I can’t help but reflect over how infuriating it must be for bands who first spend months labouring in the rehearsal room and then endless hours in a studio – only to then have their own output receive none of the hype MOENEN OF XEZBETH have attracted from essentially recording improvised rehearsal compositions.

– All our music might not be entirely improvised on the spot but we usually go into the rehearsal space cold, without knowing what’s going to come out of it. There might be an existing idea for a riff but more often than not, we have nothing. We’re fortunate in that writing music doesn’t take us much effort, our guitar player can barely turn around without shitting out a good riff. Both composing the music from scratch and recording it typically occurs in a single afternoon. The lesson here is simply doing what comes naturally and not overthinking things. Trying to work with certain limitations also helps; entering an expensive thirty-two track digital studio in a race against the clock isn’t going to spark your creativity, working in a moist basement with an old analogue eight-tracker is.

’Retro’ is a word I’ve seen used in connection with MOENEN OF XEZBETH, do you resonate with this moniker?

– I don’t like that term at all, I personally only use it in a negative way: retro doom, retro thrash… it has bad connotations to me. Rather than merely paying tribute, our motivation – what keeps us going – is channelling the same spirit as all those good bands who came before us. Good music is ageless, which has been proven time and time again. Trends die out after a few years, only that which is really timeless sticks.

In this context, it’s interesting to note how many releases stemming from the early nineties are still considered unmatched to this day. Not only by those who were in formative years at the time of their release, but also an entire generation of younger black metal fans with no nostalgic bonds to them.

– I think that’s due to the music’s pioneering aspects: except for the obvious giants, there weren’t many big and famous acts out there to copy. Nowadays, there’s thirty years of black metal history to pick and choose from whereas early-nineties bands starting out didn’t have that luxury. I’m not saying no one was being a copycat back in the day, but I think it was more about emulating moods or approaches rather than recognisable styles.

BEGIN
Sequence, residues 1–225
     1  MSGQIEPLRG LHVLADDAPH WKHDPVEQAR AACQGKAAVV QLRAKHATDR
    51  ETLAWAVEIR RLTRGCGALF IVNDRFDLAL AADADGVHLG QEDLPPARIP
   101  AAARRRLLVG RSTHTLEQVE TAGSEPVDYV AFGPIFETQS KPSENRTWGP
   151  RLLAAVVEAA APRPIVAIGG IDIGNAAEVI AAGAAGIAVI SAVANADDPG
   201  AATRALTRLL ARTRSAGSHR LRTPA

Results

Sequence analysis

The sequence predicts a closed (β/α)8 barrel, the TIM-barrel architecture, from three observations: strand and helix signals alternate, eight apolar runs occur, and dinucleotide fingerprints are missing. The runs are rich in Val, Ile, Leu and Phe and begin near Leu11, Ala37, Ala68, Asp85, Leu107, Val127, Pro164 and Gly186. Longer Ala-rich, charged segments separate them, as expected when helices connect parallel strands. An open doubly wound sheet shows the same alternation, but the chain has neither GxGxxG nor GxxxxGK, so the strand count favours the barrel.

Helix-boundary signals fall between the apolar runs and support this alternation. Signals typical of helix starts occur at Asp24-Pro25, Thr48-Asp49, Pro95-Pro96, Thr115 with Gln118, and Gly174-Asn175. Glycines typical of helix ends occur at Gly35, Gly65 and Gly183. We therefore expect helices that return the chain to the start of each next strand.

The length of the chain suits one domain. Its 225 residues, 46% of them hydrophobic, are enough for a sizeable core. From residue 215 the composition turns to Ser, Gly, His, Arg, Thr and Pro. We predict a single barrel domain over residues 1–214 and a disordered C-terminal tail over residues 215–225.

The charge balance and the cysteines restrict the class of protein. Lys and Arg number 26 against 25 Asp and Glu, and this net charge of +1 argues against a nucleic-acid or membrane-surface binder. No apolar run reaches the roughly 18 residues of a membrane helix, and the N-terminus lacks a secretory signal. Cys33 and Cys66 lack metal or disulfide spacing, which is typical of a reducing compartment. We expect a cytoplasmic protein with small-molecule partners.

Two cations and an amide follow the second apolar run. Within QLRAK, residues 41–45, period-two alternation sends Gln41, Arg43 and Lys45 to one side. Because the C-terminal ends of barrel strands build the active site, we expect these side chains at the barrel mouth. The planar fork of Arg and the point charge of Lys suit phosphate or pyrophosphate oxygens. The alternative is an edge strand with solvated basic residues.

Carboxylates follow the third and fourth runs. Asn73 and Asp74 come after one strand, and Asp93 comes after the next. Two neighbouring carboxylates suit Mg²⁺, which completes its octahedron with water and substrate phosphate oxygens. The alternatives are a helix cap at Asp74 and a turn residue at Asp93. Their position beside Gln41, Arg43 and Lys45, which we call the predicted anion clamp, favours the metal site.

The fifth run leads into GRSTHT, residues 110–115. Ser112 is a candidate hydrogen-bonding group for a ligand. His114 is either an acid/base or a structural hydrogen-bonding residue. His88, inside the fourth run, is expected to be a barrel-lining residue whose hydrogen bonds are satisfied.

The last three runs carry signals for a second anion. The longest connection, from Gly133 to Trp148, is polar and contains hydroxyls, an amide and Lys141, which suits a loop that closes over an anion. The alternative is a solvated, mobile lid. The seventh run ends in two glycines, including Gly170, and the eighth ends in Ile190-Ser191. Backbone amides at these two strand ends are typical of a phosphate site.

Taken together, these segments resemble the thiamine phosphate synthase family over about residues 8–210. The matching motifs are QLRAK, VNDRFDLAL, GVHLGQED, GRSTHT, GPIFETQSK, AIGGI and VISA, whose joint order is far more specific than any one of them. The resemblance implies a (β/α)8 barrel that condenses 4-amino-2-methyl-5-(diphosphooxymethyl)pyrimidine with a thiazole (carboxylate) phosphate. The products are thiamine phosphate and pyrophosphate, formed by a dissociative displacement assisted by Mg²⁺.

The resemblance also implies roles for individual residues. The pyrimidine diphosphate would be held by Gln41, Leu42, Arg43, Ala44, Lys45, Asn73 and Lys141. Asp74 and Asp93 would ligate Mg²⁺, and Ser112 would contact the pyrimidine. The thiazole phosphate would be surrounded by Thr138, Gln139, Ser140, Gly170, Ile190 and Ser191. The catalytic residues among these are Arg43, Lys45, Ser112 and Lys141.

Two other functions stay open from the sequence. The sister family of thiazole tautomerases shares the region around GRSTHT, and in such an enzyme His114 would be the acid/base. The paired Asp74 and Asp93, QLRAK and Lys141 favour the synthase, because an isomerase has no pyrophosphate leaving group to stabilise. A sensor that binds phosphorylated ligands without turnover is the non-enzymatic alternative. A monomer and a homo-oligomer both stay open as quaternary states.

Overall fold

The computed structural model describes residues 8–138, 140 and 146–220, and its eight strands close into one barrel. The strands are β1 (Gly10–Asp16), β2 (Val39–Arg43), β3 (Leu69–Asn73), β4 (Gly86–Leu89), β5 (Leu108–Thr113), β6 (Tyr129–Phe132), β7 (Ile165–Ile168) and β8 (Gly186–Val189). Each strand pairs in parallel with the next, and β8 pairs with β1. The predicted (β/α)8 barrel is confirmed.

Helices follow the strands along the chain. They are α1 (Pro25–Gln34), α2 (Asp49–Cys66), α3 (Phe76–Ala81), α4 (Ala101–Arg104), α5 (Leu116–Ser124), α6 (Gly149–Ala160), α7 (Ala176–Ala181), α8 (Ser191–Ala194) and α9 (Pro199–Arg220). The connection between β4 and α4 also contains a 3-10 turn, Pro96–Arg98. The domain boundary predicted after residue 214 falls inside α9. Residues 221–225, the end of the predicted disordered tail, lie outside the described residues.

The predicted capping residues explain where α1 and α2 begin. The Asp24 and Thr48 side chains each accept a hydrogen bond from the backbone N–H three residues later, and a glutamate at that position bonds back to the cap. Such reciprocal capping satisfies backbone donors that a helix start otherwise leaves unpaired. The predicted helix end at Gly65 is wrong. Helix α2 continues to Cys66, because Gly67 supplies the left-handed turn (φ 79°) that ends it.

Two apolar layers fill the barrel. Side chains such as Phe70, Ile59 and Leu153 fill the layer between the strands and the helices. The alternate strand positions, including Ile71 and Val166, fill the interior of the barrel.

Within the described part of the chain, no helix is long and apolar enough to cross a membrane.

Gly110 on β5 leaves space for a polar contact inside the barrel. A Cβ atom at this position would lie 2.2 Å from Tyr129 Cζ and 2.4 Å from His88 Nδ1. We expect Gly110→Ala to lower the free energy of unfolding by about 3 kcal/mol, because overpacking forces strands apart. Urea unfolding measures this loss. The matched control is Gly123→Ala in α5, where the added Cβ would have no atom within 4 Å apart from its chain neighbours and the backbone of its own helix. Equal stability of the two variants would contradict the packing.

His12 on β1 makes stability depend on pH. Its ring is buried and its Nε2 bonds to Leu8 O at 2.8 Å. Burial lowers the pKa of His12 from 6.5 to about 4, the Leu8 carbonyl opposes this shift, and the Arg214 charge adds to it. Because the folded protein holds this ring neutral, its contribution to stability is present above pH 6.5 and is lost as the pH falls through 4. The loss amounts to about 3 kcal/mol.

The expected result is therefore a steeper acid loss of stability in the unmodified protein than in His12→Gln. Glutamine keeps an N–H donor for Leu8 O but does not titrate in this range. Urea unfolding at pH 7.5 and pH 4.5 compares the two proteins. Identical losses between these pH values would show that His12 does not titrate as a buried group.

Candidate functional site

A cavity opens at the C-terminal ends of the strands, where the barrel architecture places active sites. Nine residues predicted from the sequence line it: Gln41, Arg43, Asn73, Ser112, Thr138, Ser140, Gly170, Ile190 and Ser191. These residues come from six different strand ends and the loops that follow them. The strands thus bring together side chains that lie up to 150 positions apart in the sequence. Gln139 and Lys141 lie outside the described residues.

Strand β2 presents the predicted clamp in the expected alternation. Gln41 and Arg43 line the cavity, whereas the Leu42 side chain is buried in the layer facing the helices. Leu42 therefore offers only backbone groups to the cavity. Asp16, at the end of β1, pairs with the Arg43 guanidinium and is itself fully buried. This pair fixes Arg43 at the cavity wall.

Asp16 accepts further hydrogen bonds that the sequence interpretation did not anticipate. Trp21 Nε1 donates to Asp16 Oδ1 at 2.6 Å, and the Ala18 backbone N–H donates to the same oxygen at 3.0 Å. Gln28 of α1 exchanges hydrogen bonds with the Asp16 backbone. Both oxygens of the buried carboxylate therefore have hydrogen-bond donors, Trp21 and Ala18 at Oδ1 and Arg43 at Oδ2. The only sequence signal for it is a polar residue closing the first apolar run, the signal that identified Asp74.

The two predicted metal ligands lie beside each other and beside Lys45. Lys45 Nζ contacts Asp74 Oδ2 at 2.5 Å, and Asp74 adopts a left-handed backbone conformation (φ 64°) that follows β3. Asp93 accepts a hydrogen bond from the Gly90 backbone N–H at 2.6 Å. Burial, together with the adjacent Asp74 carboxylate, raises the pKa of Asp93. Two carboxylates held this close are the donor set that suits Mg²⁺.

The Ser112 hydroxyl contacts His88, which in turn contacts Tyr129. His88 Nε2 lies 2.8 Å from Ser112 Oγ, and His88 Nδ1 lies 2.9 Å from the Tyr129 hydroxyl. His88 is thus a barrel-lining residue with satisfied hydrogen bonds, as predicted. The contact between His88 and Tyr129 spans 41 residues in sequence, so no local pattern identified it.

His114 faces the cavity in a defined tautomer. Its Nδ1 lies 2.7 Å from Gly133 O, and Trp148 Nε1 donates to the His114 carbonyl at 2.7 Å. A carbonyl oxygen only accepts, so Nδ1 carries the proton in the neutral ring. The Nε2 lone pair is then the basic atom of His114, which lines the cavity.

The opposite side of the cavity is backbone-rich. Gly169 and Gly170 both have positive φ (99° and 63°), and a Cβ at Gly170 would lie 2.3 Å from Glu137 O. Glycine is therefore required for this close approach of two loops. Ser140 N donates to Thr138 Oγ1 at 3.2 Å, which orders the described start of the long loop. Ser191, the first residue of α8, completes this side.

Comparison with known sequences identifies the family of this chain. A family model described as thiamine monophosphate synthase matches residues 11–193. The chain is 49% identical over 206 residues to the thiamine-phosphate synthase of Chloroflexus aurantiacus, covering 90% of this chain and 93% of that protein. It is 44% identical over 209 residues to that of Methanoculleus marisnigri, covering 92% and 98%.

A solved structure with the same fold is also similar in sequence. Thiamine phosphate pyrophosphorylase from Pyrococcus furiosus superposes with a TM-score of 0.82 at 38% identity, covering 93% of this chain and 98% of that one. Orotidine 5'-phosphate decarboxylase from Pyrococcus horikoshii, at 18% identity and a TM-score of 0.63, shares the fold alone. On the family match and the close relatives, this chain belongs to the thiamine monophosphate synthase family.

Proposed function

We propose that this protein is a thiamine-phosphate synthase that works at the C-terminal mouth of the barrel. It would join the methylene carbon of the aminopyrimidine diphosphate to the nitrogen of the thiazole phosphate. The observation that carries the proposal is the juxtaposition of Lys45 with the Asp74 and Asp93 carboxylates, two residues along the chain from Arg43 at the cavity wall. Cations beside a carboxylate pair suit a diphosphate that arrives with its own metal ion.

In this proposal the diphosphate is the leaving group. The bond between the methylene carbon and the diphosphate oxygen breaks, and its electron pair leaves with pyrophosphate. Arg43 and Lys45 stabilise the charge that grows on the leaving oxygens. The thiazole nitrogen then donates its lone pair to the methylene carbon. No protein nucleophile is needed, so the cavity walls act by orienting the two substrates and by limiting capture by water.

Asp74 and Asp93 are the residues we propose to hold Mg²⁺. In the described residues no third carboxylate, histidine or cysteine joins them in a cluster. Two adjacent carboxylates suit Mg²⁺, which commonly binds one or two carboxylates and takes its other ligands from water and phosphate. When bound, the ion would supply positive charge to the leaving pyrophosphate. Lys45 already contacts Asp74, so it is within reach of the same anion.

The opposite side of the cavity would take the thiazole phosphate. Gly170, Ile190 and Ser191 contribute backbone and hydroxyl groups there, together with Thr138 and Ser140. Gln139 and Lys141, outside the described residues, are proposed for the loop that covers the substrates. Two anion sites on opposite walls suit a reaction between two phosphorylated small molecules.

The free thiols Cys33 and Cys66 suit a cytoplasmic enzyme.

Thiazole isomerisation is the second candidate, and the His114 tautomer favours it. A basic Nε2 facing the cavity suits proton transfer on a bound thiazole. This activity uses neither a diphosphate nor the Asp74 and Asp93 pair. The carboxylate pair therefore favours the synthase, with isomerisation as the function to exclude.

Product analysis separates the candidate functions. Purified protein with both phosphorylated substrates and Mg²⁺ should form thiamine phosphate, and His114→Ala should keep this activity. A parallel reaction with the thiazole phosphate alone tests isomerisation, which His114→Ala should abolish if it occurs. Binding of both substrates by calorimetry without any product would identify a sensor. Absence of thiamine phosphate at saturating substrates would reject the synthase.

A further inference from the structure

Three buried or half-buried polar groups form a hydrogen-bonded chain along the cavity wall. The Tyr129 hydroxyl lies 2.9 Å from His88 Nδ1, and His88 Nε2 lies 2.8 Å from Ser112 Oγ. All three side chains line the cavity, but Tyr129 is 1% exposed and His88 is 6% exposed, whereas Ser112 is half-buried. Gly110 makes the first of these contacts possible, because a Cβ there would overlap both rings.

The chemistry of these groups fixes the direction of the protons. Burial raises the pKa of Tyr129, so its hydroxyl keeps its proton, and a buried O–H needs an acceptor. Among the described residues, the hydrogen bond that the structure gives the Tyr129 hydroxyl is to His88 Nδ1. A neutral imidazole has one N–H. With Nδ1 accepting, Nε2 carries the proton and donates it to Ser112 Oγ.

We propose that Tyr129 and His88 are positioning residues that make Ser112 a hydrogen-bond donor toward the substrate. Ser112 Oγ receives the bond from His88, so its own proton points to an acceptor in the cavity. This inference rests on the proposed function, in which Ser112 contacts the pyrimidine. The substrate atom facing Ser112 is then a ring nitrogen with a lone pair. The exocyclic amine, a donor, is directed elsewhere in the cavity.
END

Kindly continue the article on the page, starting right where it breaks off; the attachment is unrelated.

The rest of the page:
You have announced your complete disinterest in live performances – why is that?

– Playing shows doesn’t really interest us. We’ve already devised a highly satisfying way of realising all the different ideas which together constitute MOENEN OF XEZBETH – there’s no need to bring it to the stage, we’re just not that type of band. Shows are important but ephemeral moments in a musician’s life; what we aim for is creating music which transcends time and isn’t constrained by the logistical and physical requirements associated with concerts.

Preparatory research uncovered nefarious connotations to their band name, with Xezbeth being a demon of lies and fabricator of untrue tales – essentially, an infernal architect of fake news. Moenen is the name used for the Devil in a medieval play from the Low Countries. I wonder if there were any underlying metaphysical considerations involved in the selection.

– During the initial stages of the band, we didn’t really have a name but soon started looking for one that summed up what we sound like. After a few weeks we picked one with links to demonology as well as Flemish and Dutch medieval literature. We’re genuinely fascinated by witchcraft, demonology, magic, Satanism, the occult… without actually believing in any of it. Too rational for that I guess, but we’re interested in the various metaphors and images mankind has come up with to describe the dark side dwelling in all of us.